How to export LUTs: Davinci Resolve

In this section of the blog post, we will discuss the process of exporting LUTs (Lookup Tables) from DaVinci Resolve, a crucial technique when working with color grading, compositing, or non-linear editing (NLE) applications.

 Exporting a LUT allows for seamless inter-application communication, whether your grade is composed of a single node or multiple nodes, as long as they include Primaries palette adjustments, Custom Curves palette adjustments, and compatible ResolveFX plug-ins such as Color Space Transform, ACES Transform, and Gamut Mapping. 

It is important to note that nodes utilizing Qualifiers, Windows, incompatible filtering operations (e.g., sharpening or blurring), or incompatible Resolve FX or Open FX will not be taken into account, and all correction operations within these nodes will be disregarded.

Follow these steps to export a LUT:

  1. To export lut from Davinci Resolve you need to use the clip thumbnail section. To do so, click on the “Clips” button in the top right corner.
  2. Right-click on a clip thumbnail in the Color page Timeline and select an option from the Generate LUT submenu. You can choose from Generate 3D LUT (17 Point Cube), Generate 3D LUT (33 Point Cube), Generate 3D LUT (65 Point Cube), or Generate 3D LUT (Panasonic VLUT) for Panasonic VariCam cameras. All of these are DaVinci-developed LUT formats.
  3. Select a destination for the LUT file in the file dialog. The default path varies depending on your operating system. Saving it in the default location will make it accessible for future use in DaVinci Resolve:
  • macOS: Library/Application Support/Blackmagic Design/DaVinci Resolve/LUT/
  • Windows: C:\ProgramData\Blackmagic Design\DaVinci Resolve\Support\LUT
  • Linux: /home/resolve/LUT
  1. Optionally, create a new folder for storing your custom LUTs.
  2. Input a name in the “Save As” field and click “Save.” Your LUT file is now saved.

Once you have exported a LUT, it can be utilized within DaVinci Resolve by applying it directly to a clip or node, or by applying it to the entire project through the Color Management panel in the Project Settings. You can also transfer the LUT to a memory stick for on-set monitoring or previewing purposes, or for sharing with someone using a different grading application that supports the LUT format.

Remember that each node in the Node Editor can execute multiple operations in a specific order. When adding a LUT to a node, its transformation is applied as the last operation within that node, after all other Color page adjustments made by that node.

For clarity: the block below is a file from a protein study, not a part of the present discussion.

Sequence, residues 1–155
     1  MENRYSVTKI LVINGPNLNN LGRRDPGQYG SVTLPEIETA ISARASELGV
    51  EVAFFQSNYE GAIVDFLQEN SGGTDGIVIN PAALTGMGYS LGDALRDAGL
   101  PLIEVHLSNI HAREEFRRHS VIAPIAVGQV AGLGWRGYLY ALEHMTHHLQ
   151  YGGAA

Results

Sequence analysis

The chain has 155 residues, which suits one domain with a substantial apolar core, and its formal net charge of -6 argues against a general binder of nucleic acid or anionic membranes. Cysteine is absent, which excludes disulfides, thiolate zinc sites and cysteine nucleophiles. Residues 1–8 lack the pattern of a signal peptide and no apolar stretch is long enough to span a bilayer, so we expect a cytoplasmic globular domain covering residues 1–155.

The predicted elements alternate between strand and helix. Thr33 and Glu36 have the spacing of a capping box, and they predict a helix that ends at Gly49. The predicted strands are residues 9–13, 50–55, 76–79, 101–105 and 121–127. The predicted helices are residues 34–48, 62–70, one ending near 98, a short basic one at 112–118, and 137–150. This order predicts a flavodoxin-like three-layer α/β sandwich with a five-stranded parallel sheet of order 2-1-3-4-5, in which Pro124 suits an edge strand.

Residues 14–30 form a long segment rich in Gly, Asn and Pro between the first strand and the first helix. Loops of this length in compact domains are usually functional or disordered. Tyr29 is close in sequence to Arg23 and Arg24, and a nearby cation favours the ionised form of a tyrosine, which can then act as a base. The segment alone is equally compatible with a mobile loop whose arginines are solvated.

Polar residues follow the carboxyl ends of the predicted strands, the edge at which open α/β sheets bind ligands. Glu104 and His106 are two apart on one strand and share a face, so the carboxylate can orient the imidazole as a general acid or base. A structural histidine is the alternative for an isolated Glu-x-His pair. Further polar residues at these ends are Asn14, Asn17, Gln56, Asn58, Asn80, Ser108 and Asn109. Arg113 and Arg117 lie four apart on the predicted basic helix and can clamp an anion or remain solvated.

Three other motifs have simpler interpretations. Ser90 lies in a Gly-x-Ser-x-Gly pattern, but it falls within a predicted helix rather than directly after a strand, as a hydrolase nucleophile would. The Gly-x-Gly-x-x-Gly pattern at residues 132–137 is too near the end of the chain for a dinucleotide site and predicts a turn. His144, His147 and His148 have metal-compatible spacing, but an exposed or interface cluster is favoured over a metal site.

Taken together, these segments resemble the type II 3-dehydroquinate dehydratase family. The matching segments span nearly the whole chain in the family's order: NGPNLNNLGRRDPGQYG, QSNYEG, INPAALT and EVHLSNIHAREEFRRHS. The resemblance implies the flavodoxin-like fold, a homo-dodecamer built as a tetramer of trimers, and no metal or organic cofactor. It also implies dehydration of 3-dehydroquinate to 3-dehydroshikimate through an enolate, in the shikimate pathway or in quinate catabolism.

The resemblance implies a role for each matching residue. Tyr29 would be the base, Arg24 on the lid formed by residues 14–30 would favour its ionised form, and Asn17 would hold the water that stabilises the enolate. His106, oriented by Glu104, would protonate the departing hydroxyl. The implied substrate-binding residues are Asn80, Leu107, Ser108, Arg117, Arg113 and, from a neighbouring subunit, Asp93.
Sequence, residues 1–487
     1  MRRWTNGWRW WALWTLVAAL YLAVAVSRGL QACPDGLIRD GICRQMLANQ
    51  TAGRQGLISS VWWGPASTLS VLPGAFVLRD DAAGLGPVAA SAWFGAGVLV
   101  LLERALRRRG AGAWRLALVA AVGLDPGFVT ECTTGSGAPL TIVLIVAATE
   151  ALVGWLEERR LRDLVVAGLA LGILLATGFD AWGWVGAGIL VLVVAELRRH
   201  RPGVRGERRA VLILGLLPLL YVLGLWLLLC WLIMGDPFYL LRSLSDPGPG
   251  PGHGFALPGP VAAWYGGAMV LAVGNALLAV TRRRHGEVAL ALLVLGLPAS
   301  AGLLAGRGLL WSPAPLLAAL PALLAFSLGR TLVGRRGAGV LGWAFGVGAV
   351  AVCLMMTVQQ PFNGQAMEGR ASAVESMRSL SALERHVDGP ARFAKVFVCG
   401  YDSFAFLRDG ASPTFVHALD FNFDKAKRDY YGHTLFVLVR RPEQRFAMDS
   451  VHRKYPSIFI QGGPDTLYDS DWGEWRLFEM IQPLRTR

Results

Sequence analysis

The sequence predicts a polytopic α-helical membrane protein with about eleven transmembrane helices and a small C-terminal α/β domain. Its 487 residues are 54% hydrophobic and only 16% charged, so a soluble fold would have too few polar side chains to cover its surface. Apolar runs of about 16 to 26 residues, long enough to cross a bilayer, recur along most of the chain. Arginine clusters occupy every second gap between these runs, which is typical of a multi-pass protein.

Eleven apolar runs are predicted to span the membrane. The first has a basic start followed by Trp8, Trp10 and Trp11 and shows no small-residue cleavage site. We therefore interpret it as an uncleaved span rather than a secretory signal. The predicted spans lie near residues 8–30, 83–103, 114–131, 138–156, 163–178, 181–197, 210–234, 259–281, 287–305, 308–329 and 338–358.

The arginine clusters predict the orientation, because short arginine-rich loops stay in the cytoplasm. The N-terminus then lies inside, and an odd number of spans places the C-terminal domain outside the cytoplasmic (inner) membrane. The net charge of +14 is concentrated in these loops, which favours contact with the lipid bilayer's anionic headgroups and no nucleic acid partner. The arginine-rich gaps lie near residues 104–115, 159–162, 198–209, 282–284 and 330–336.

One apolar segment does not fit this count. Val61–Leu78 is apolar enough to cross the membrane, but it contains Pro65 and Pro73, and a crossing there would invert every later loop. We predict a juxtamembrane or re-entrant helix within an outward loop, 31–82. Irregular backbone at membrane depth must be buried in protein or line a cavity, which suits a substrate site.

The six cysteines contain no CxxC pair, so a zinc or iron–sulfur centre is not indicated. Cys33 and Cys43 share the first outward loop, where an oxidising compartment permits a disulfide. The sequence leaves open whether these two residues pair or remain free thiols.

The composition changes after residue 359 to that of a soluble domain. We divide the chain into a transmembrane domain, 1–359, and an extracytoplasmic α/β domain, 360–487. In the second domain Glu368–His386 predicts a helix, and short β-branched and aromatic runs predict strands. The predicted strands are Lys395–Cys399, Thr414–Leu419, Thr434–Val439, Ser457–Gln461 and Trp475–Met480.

This allows you to use the node’s Color and Contrast controls to fine-tune the image data before it is processed by the LUT. For instance, if a LUT’s contrast adjustment excessively clips the highlights, you can use the node’s Contrast controls to lower the highlights before the LUT is applied, thus preserving image detail.

How to Adjust LUTs Intensity in Davinci Resolve

In this section, we will demonstrate how to modify the intensity of your LUTs using DaVinci Resolve. This technique can help you fine-tune the impact of a LUT on your footage. You can also add various LUTs by decreasing their intensity to create a new look for your project. Here’s a step-by-step guide on how to achieve this:

  1. Open the clip you are working on in DaVinci Resolve and navigate to the Color tab.
  2. In the Color tab, you may already have a node with adjustments such as temperature modification and an S-curve for added depth. 
  3. Create a new node to apply the LUT.
  4. Right-click the new node, select “node label”, and name it “LUT.” This node will be used to add the LUT to your clip.
  5. Access the LUTs menu by clicking the LUTs icon on the top left of the screen. Here you will find all available LUTs, including any imported ones. 
  6. To adjust the intensity of the applied LUT, navigate to the Key panel. 
  7. Key panel is located in the menu below. (as shown in the picture above)
  8. Locate the “Key Output” section.
  9. There will be an option called “Gain” in the “Key Output”
  10.  By dragging the slider, you can decrease or increase the intensity as needed. Observe how the scopes change accordingly, reflecting the adjustments made to the LUT intensity.

By following these steps, you can easily control the intensity of LUTs in DaVinci Resolve, enabling you to achieve the desired visual effect in your project.

Salik Waquas is a seasoned professional in the world of cinema, bringing over a decade of experience as a cinematographer and colorist. With an eye for capturing the perfect shot and a passion for enhancing the visual storytelling of films, he has made a significant mark in the industry. Aside from mastering the art of cinematography and color grading, Salik also enjoys sharing insights and knowledge through the written word. As a dedicated blogger in the film industry, His articles cover a wide range of film-related topics, offering readers a unique perspective and valuable insights into the world of cinema.